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Deal Could Be Worth $3.16B for NASSCO

General Dynamics NASSCO received an order for six oilers — auxiliary ships that rendezvous with U.S. Navy combat ships at sea and refuel them — that could be worth in excess of $3.1 billion.

The Navy awarded a $640.2 million contract to design and build the first ship in the John Lewis class, and make preparations for five future ships, on June 30.

Congress must approve funding for the

ships in yearly defense bills, and the Navy must exercise certain contract options for the deal to reach the expected $3.16 billion ceiling.

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Funding for the first ship was approved with the 2016 defense bill. NASSCO said that it will begin work on the project immediately.

Economic ‘Boost’

Fred Harris

“This is significant for San Diego,” said Kelly Cunningham, economist for the National University System, who called the deal “a true boost to the economy.”

“The defense industry can be countercyclical” and can soften the impact from a slowing economy, Cunningham said.

Jobs created under the contract are “the kind of jobs you want,” the economist said. They are jobs that bring in new dollars from the federal government, and jobs that bring spending power. Shipyard positions tend to be high-paying union jobs, Cunningham said.

The deal means continued employment for the shipyard’s workforce. NASSCO had 3,705 local full-time employees as of July 2015, according to the Book of Lists.

In the short term, NASSCO expects to hire engineers and naval architects, spokesman Dennis DuBard said.

Cunningham estimated that San Diego’s shipbuilding and repair industry had $1.75 billion in sales in 2015, up from $1.35 billion in 2013. Total shipbuilding and repair jobs grew from 5,600 in 2013 to 7,300 in 2015.

First Oiler Expected in 2020

NASSCO expects to deliver the first oiler in 2020 and the last one in 2025.

The Navy could easily decide it needs more than six oilers. In the spring, the service said it might need 17 of them. Published reports said the value of the order could increase to $8 billion, making it the largest order in shipyard history.

By itself, the order for six oilers is not the largest deal NASSCO has received. The yard built 14 dry cargo and ammunition ships for the Navy between 2001 and 2012. In 2009, the deal was estimated at $5.2 billion.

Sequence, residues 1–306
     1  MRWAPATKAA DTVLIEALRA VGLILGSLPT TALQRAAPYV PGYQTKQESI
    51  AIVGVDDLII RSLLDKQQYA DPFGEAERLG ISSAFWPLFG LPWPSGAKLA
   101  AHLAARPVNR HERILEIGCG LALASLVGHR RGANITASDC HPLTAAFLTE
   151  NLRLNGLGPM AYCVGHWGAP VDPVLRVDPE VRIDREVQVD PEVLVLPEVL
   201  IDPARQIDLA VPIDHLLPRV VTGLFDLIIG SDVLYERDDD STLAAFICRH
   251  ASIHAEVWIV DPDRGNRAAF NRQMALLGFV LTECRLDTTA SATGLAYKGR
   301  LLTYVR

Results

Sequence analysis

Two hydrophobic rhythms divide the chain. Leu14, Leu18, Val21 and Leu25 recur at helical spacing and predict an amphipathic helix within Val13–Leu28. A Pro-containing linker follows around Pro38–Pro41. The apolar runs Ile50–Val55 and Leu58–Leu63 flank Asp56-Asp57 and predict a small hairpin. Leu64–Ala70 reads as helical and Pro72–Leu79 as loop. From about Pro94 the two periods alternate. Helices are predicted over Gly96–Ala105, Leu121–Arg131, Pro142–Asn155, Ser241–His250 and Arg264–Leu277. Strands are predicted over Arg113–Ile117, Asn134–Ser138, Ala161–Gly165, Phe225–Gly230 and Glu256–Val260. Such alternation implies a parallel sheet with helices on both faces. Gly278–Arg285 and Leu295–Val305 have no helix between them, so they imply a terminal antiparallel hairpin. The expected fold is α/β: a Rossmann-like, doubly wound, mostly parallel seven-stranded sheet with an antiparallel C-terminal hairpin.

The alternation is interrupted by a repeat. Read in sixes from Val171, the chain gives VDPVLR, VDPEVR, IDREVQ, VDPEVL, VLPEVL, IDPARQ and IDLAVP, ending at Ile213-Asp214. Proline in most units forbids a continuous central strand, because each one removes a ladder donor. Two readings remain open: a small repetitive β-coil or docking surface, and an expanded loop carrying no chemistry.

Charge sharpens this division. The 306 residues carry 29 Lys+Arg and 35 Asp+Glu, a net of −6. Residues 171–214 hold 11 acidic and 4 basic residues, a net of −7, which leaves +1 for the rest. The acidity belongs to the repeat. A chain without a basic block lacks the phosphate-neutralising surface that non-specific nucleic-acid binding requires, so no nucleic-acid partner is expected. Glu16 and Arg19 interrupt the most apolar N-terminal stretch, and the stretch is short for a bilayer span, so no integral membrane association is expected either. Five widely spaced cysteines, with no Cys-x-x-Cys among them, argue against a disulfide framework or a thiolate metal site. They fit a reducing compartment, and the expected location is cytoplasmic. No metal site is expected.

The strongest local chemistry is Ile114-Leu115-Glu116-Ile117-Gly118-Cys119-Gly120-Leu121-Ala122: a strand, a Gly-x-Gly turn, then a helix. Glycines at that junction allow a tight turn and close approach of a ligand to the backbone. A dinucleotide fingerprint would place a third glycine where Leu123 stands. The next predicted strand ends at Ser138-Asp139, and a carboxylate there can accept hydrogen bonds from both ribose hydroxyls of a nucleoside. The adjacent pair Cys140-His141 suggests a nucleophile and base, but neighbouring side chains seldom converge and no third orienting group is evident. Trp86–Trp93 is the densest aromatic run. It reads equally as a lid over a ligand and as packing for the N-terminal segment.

More recently, NASSCO built three Expeditionary Sea Base ships for $1.3 billion, and it’s building a fourth for about $500 million. A fifth is planned. Ships in the series were originally known as the Mobile Landing Platform and Afloat Forward Staging Base.

The fourth Expeditionary Sea Base ship, the future USNS Hershel Williams, is currently under construction at the yard, and NASSCO recently received a contract to buy long-lead materials for a fifth ESB.

NASSCO, based in Barrio Logan, also repairs Navy ships and builds commercial tankers.

As part of the June 30 deal, NASSCO will also design the Navy’s new amphibious ship, called the LX(R).

“We are pleased to be building the next generation of oilers and participating in the future design efforts of the LX(R), two very important ship programs for the fleet,” Fred Harris, president of General Dynamics NASSCO and Bath Iron Works, said in a prepared statement.

General Dynamics stock trades on the New York Stock Exchange as GD.

A Pentagon announcement from June 30 said the contract includes line items for five follow-on ships, as well as options for special studies, engineering and industrial services, provisioned items orders, LX(R) contract design support, cost reduction and implementation, other direct costs and special incentives.

Fifty-nine percent of the work will be done in San Diego and 1 percent in Chula Vista. Some 4 percent will be conducted in Mexicali, Baja California, Mexico.

The Naval Sea Systems Command of Washington, D.C. awarded the contract.


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